Understand the science behind targeted cancer treatments and how they work
Improve confidence in communicating to patients and colleagues about targeted cancer treatments, immunotherapy and biomarkers
Appreciate why so called 'targeted treatments' cause side effects and understand how they impact patients’ quality of life
Recognise some of the current challenges and future potential of targeted cancer treatments
New from February 2020: The world of cancer treatment is changing rapidly, therefore we’ve added new content on immunotherapies, such as checkpoint inhibitors, CAR T cells, PARP inhibitors and CDK inhibitors.
Although the course is open to all, it has been designed primarily for clinical research nurses working with patients on clinical cancer trials, along with clinical cancer research staff and specialist cancer nurses. See more information below.
Thanks to ground-breaking research over the past 20 years, new, more targeted treatments and immunotherapies have been developed that are changing the way we treat cancer, and providing new hope for patients. Join us and discover the science behind these treatments and learn through quizzes, interviews, articles and patient case studies. Each week you’ll have the opportunity to engage in discussion with other learners on key issues. You’ll learn from experts in the field and gain a deeper understanding of how targeted cancer treatments and immunotherapies work to support your patients.
What are targeted treatments and how are they used today
Biological concepts behind targeted cancer treatments and immunotherapies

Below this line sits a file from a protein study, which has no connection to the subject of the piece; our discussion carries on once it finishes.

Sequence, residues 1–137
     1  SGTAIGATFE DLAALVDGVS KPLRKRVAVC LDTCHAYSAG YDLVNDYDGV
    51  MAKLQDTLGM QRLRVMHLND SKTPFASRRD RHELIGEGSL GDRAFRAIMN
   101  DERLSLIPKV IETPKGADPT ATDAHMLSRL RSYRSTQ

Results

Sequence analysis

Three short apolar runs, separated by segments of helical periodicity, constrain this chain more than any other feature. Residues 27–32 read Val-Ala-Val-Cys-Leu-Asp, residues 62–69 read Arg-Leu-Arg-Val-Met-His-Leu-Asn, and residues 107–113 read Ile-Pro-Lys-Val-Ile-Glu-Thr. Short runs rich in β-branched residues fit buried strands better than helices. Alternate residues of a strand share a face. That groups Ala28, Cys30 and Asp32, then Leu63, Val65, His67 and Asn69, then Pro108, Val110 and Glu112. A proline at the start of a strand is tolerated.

Principles of cell communication and cancer
Treatments for solid tumours that block cell communication pathways (monoclonal antibodies and kinase inhibitors)
Communicating to patients about targeted cancer treatments
Side effects of treatments and how they impact patients’ quality of life
The unique properties of blood cancers and the targeted therapies used to treat them
The relationship between cancer and the immune system
Various immunotherapy strategies including checkpoint inhibitors, CAR-modified T cells and cancer treatment vaccines
How immunotherapy is reported in the news and managing patient expectations of treatment
The challenges of drug resistance and the implementation of biomarker tests
The future of targeted cancer treatments
This course has been designed primarily for clinical cancer research nurses, along with other members of the clinical cancer research team. It can go towards your Continuing Professional Development (CPD) and/or revalidation with the Nursing and Midwifery Council.
The course is also relevant for and may be of interest to specialist cancer nurses and other health professionals including pharmacists and medical/science graduates studying this topic.
A basic understanding of how cells work is needed to get the most out of this course. Some experience working in cancer is also recommended.